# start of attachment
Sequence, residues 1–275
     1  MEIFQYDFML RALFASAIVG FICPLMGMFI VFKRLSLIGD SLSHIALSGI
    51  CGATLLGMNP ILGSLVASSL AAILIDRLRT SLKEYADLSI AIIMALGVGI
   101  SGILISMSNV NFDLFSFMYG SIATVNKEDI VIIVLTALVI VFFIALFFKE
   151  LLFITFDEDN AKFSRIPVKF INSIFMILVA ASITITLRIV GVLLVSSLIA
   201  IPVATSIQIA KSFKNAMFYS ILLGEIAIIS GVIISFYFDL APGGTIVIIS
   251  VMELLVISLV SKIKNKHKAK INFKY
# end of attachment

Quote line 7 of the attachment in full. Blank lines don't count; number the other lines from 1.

   251  VMELLVISLV SKIKNKHKAK INFKY